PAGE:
|A Closer Look Into the Bruins First Month of the Season.||Connelly’s Top Ten: Posse!||Connelly’s Top Ten: Edelman Lays Eggs (so did the coordinators)||Connelly’s Top Ten – Thank You Veterans!|
When the July 31 trading deadline arrives, teams across the landscape of Major League Baseball will be forced to acknowledge the standings, and recognize where they belong in the pennant race. There is plenty of time between now and then for teams like the Boston Red Sox to reverse their poor fortunes and ride momentum towards the stretch run, but there’s also the distinct possibility that consistent success will elude this team leading up to that fateful day.
Imagine it’s July 31, and with two months remaining in the regular season, the Red Sox find themselves about ten games outside of first place and a handful of games outside of the two wild card spots, which truly are wild card spots with the expanded postseason format. If you’re general manager Ben Cherington, you may be making deadline moves to improve the roster of the team beyond 2014.
It would seem that, regardless of the performance of the 2014 club, the future of the Boston Red Sox already exists within the system. From the talented pitching found in Pawtucket to the legend of Mookie Betts, it would seem unlikely that the Red Sox sign many free agents to large contracts in the coming seasons, or at least not as many as they have over the last few years.
The money may best be spent locking up the young talent the Red Sox could develop into the core of a potentially dangerous franchise. That begins by extending Xander Bogaerts, who has shown signs of a blossoming superstar this year. If the Red Sox were to discuss an extension with Bogaerts, they could come to agree upon a potentially team-friendly deal like the seven-year, $41 million deal Anthony Rizzo agreed to with the Chicago Cubs last season.
A less obvious situation is the dilemma facing Jon Lester and the Red Sox. As it stands today, Lester is the ace of the Red Sox in the middle of an exceptionally strong season, which also happens to be his contract year. At the end of the year, Lester will be on the open market alongside Detroit Tigers pitcher Max Scherzer, who recently turned down a reported six-year, $144 million deal.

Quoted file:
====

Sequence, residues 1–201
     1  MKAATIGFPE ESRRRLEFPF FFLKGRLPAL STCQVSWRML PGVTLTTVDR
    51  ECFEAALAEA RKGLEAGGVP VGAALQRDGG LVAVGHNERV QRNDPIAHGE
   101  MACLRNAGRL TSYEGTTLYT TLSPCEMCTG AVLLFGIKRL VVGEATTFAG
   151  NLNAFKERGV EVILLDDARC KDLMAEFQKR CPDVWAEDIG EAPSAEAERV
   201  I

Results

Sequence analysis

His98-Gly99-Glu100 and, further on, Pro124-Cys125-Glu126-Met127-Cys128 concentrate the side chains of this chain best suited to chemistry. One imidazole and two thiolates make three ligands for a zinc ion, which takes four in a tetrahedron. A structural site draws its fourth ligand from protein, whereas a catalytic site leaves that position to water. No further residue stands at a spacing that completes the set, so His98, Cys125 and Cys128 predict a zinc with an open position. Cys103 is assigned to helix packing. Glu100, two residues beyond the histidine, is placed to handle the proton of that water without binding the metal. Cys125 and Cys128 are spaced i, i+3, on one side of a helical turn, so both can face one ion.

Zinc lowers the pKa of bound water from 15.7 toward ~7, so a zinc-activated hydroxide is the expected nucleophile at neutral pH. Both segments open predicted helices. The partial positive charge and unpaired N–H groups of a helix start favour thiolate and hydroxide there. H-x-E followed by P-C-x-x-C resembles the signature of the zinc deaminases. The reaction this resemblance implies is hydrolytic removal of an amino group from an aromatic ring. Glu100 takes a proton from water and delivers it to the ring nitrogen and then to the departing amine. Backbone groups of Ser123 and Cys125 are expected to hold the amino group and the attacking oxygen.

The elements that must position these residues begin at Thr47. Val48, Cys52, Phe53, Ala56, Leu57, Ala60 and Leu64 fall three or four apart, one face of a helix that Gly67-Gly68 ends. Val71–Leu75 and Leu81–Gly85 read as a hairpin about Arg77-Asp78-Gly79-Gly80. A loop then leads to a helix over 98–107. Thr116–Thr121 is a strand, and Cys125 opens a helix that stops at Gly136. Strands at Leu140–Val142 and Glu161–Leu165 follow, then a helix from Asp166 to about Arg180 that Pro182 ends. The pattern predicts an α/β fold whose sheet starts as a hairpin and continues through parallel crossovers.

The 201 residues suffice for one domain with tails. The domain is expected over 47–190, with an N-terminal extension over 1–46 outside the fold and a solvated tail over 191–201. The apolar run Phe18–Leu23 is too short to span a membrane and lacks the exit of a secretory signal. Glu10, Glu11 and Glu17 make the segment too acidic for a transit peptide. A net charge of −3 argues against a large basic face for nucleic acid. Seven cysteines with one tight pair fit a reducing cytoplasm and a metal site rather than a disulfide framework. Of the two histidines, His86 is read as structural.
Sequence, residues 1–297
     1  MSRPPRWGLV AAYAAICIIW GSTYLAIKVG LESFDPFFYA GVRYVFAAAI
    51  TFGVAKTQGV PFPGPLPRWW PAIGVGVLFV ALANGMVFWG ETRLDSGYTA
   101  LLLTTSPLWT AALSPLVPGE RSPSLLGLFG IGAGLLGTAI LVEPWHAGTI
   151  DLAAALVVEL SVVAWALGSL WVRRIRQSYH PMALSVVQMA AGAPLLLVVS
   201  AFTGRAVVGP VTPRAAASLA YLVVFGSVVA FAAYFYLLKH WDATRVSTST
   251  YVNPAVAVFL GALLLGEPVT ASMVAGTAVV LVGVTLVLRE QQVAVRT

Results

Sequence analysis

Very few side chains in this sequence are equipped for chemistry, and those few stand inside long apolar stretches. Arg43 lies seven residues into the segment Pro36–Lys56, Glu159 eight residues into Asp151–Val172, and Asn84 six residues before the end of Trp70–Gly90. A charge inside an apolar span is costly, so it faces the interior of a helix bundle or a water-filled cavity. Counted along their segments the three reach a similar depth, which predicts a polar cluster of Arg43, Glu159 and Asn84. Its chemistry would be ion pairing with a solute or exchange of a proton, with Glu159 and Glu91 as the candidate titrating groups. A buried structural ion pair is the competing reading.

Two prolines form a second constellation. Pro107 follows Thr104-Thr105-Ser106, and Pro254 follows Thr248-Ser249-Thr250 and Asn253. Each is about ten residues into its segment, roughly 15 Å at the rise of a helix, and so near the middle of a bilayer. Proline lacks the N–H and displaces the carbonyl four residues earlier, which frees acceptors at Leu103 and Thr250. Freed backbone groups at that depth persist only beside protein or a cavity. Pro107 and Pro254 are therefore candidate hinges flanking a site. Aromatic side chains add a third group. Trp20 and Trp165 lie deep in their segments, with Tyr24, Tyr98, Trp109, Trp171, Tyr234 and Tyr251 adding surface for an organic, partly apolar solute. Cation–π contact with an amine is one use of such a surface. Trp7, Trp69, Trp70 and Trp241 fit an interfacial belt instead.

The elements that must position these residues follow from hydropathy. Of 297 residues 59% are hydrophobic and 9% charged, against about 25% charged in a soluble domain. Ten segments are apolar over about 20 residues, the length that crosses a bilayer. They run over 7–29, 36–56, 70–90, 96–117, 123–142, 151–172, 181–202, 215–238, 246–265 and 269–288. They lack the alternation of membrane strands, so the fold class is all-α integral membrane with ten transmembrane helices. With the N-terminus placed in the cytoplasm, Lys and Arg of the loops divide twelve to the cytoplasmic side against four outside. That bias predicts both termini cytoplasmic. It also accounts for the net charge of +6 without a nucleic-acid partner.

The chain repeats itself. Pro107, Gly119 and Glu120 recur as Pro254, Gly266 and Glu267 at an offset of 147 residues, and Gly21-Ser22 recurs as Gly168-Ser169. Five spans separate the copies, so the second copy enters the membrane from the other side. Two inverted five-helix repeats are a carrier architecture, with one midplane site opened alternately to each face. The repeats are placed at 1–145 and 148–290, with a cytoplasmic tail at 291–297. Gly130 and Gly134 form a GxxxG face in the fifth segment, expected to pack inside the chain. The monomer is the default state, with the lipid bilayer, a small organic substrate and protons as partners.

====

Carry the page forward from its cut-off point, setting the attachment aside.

Boston could avoid investing in Lester altogether by trading the southpaw before the deadline. Lester would be an extremely appealing arm to clubs in the hunt for the postseason, given his career 2.11 postseason ERA in 76.2 innings. The return for Lester at the deadline would likely be more valuable than losing him in free agency and only receiving draft pick compensation. Losing Lester may ensure that the 2014 season is over, but moving him could bring back a great return to restock the farm system.
The Red Sox have the arms they need to build a strong rotation for years to come, and it’s possible to maintain these pitchers without having to spend a great fortune. This type of flexibility will come in handy if the team does recognize the need for stronger options across the roster, and then they could concede to free agency.
In 2014, the Red Sox could use a rotation led by John Lackey, whose unique contract situation should lead to an extension in my opinion. Given Lackey’s success of late, the Red Sox could extend Lackey to a deal that rewrites his 2015 league minimum pay in order to keep the pitcher under team control longer at a cheaper price. I would think that such a contract could be for less than three years (2015, 2016, and 2017) and $27 million.
Beyond Lackey, the Sox will have Clay Buchholz, Felix Doubront, Rubby De La Rosa, Allen Webster, and Anthony Ranaudo, who will likely make his major league debut at some point this season. The strengths of that type of rotation promote long-term success, both because the rotation is so young and because a lack of large contracts means other young pitchers like Matt Barnes and Henry Owens won’t be blocked as they rise through the farm system.
On offense, we’ve already seen glimpses of the future starting nine. Garin Cecchini looked good in his cameo appearance earlier this season, and it’s reasonable to believe that he and Bogaerts will become a dynamic duo on the left side of the Sox infield. Dustin Pedroia isn’t going anywhere, so Mookie Betts may have to learn the outfield, or find himself a part of a trade because his bat belongs in the big leagues.
2014 has been a disaster thus far for the Red Sox. While the championship team last year certainly overachieved, there’s no doubt that Boston should at least be actively competing for the postseason all year long, but if July 31 rolls around and the Sox haven’t climbed the standings yet, it could be much more beneficial for them to pull the plug.
Tags: Allen Webster, Anthony Ranaudo, Anthony Rizzo, Boston Red Sox, Clay Buchholz, David Ortiz, Dustin Pedroia, Felix Doubront, Garin Cecchini, Henry Owens, John Lackey, Jon Lester, Matt Barnes, max scherzer, Mike Napoli, Mookie Betts, Rubby De La Rosa, Xander Bogaerts